Heidi Riegler spends her weekdays directing marketing and communications for the National Academy Museum and School of Fine Arts in New York City. But on nights and weekends, she often focuses on sweeter matters.
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The Austrian native has channeled her love of baking into the Vienna Cookie Company, a part-time, Web-based business that uses recipes handed down through her family.
"I love cookies, and they're sort of dying out in the States," Riegler says. "People know chocolate chip and gingerbread and oatmeal, and that's about it."
In the wake of a recession that forced many Americans to seek new types of work, many have used a personal passion as a springboard to a new business venture. But as Riegler and others can attest, it takes more than passion to ensure the viability of a new business.
Having grown up on her mutti's (mother's) traditional recipes, Riegler has a very nuanced sense of the cookie, with types ranging from the traditional Linzer Heart and Vanilla Crescent to her own creation, the Lemon Twist.
While Riegler has expanded her business in its second year, she is keeping her day job and mainly operating around the Christmas, Valentine's Day and Easter holidays.
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"Everybody who eats the cookies loves them," Riegler says. "I think the business certainly has potential -- it just takes marketing and the right packaging."
Riegler is smart to try to build her company before deciding whether to turn it into a full-time gig, according to business strategist Carol Roth, author of "The Entrepreneur Equation."
"You may love your hobby, but it may not create a business opportunity big enough to create an income that you are happy with, or that is a good trade-off for your time and effort," Roth says.
A benchmark for a "healthy" consumer products business is a 10 percent pre-tax margin, Roth says. So for a business owner to earn $50,000 a year in profits, they should aim to sell $500,000 worth of products.
Good flow, good business
For Beth Graham, flow is key to her plans of transforming her personal yoga practice into a viable business.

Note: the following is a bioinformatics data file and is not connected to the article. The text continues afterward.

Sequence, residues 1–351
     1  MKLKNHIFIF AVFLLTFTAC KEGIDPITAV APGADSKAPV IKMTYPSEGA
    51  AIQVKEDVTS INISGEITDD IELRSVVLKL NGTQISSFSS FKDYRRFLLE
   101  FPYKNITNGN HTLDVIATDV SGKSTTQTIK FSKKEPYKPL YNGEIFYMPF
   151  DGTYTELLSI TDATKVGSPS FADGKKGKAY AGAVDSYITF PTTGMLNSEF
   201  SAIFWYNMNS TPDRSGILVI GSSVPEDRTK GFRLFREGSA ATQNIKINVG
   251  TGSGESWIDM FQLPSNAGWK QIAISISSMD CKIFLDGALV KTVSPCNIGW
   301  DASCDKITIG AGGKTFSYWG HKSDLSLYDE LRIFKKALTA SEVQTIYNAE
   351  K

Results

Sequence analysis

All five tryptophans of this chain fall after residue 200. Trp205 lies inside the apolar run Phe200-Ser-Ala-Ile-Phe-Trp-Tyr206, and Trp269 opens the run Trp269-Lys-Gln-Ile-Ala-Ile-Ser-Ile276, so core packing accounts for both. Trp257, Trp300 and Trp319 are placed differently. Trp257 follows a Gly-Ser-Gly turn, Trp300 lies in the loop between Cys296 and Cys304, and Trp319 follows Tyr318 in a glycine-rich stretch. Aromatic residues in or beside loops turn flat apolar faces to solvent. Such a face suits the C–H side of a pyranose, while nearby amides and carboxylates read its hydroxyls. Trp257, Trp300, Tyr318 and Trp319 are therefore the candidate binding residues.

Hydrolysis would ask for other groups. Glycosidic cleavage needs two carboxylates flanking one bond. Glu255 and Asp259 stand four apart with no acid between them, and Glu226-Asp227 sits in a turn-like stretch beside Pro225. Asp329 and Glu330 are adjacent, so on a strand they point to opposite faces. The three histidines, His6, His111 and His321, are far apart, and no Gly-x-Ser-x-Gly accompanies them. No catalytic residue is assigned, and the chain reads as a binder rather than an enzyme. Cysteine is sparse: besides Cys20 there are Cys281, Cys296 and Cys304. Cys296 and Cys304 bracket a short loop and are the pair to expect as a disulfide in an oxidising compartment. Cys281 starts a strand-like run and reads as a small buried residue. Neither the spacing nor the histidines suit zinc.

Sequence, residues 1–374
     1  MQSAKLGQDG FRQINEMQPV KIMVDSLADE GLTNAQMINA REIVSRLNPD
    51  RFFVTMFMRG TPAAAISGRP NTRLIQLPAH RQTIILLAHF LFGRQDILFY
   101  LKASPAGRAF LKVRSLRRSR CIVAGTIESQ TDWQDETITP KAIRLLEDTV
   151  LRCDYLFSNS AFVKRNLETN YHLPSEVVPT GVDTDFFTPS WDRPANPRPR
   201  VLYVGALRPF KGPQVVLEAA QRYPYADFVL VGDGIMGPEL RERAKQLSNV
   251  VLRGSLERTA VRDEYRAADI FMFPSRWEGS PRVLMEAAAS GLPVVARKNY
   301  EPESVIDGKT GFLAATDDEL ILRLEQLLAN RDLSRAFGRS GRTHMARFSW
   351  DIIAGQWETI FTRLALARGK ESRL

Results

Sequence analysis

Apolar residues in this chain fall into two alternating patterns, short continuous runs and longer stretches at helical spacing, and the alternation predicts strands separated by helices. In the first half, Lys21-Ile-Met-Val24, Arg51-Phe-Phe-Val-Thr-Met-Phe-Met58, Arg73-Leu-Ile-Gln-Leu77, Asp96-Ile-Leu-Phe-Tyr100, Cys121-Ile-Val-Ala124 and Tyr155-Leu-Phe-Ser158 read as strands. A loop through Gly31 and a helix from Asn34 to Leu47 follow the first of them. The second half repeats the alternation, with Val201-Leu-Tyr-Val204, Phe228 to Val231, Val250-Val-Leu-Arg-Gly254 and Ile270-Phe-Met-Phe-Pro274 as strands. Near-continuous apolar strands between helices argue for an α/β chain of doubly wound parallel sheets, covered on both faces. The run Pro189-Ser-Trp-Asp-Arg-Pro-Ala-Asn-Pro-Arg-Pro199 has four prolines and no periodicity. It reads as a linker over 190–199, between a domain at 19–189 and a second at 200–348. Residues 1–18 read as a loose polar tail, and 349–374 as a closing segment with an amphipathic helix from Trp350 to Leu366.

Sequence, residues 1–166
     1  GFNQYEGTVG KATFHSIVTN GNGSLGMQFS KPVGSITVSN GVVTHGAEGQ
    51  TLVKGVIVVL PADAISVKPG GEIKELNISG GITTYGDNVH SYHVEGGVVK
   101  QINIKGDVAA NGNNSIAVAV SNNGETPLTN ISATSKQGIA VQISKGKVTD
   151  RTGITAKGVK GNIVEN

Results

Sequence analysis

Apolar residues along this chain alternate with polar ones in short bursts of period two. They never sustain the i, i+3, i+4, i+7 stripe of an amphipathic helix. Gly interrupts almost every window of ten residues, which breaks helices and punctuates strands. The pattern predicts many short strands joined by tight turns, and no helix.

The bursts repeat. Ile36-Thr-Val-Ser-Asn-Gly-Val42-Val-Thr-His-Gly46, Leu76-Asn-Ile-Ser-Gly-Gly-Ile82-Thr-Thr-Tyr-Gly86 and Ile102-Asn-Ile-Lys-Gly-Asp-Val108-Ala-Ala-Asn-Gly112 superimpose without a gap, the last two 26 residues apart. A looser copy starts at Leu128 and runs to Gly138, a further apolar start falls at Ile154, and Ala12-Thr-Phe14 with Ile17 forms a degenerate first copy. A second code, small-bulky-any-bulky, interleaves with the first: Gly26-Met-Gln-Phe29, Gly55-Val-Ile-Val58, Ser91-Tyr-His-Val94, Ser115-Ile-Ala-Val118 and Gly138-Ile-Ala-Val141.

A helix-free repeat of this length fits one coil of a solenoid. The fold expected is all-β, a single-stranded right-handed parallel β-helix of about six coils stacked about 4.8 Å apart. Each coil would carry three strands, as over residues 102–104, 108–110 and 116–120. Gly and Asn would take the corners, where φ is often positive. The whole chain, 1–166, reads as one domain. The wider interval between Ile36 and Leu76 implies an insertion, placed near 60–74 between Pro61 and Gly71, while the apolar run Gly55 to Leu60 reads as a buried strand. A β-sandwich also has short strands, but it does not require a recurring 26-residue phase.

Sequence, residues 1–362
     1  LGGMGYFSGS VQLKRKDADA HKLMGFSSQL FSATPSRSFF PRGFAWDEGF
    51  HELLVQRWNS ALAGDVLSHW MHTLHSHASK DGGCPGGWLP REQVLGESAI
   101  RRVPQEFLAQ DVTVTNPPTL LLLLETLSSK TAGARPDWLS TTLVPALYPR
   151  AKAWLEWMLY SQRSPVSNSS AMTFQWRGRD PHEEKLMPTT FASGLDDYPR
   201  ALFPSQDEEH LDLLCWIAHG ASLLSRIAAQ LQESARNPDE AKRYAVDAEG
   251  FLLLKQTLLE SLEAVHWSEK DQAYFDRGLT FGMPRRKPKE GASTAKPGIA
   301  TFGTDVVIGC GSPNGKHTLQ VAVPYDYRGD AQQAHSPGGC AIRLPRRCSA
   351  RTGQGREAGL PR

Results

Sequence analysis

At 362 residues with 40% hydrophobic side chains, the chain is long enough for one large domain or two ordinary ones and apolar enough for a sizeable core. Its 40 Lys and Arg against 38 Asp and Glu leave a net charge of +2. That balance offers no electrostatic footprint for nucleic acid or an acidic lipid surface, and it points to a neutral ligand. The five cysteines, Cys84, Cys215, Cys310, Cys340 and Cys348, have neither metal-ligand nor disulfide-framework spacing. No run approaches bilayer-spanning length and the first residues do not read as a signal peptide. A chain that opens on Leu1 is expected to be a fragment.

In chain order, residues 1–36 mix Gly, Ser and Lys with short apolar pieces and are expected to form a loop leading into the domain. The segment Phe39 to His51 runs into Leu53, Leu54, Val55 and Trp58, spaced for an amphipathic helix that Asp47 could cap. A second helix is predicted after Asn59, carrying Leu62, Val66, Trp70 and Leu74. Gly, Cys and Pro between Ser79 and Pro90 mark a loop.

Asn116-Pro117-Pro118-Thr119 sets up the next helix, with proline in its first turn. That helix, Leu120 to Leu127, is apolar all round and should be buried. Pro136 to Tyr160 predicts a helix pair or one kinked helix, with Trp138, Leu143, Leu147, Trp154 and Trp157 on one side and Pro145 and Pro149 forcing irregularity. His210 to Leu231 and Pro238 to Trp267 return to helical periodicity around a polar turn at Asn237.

Graham, the married mother of three high school- and college-age children, discovered the mind-body-spirit benefits of yoga following a 1987 car accident. A decade later, she took her first teacher training. But then life -- including helping run an insurance business with her husband and home-schooling her children -- got in the way.
In May, she was finally able to launch Simply Yoga MD in a Baltimore suburb. Initially, Graham thought the best path was to rent space for her studio and hire other teachers to fill out the schedule. But with yoga being offered in gyms and many other community settings, she realized she might be better off bringing yoga to her students rather than expecting them to come to her.
In 2012, Graham will offer some classes at her studio, but also expand with sessions at a local dance studio and a swimming facility where Olympic medalist Michael Phelps trains.
"In yoga, we use the term surrender," Graham says. "As soon as I surrendered and let go of the attachments of how the business needed to be, it became easy."
Don't rush process
Both Riegler and Graham have followed a basic lesson in converting a personal pursuit into a business: Take things slowly.
Riegler tested her cookies on family and friends before starting the business in 2010. This year, she networked with the Austrian trade and travel commissions to help reach a market interested in her authentic recipes.
Graham took a similarly gradual approach by using space she could rent by the hour instead of locking herself into a lease.
"When you are testing your hobby as a business, truly test the viability," Roth advises. "If you bake cupcakes and your friends and relatives buy them, that hasn't necessarily proven the business model. The key is to see if they come back for more -- and often."
Should your passion be your business?
Avoiding burn-out is another challenge for those who seek to make a career out of their hobby. But for Graham, developing yoga classes and an accompanying weight-loss program have never been sources of stress.
"There was stress on the business side when I was thinking I had to run a classic studio," Graham says. "I was pushing against something that wasn't supposed to happen. As soon as I re-focused, the stress went away."
As much as Riegler loves creating her sweet treats, she doesn't want to spend all of her time in front of the oven. This holiday season, she hired three workers to help process her orders.
"I would love to see if a bigger chain might want to buy my cookies," Riegler says. "My biggest dream is to travel and research the history of cookies and how they were made."
For some entrepreneurs, a hobby may become their main business pursuit, while others may decide to keep it a side venture. But in either case, there are good reasons to think carefully before you seek a profit from your passion.
"You absolutely need to be passionate about making your business a success," says Roth. "But you don't need to make a business from your greatest passion in life."
The original article can be found at Money-Rates.com:
How I turned my hobby into a business